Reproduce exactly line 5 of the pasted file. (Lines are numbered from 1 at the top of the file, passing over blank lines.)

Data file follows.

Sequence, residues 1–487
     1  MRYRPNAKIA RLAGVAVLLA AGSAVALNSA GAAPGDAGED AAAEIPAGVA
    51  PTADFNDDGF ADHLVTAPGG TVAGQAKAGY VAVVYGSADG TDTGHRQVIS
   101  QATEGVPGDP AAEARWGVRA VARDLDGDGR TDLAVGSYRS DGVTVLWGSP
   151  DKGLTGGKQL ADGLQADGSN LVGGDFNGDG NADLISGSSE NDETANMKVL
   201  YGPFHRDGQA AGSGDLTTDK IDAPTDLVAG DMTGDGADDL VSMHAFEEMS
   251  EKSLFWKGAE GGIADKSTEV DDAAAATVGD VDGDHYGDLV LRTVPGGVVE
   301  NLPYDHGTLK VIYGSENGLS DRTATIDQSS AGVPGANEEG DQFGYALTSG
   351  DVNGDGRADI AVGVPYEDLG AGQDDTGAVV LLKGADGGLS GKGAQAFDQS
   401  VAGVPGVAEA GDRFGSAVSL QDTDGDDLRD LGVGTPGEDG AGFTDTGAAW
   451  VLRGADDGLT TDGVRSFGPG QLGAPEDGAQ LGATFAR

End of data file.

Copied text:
   151  DKGLTGGKQL ADGLQADGSN LVGGDFNGDG NADLISGSSE NDETANMKVL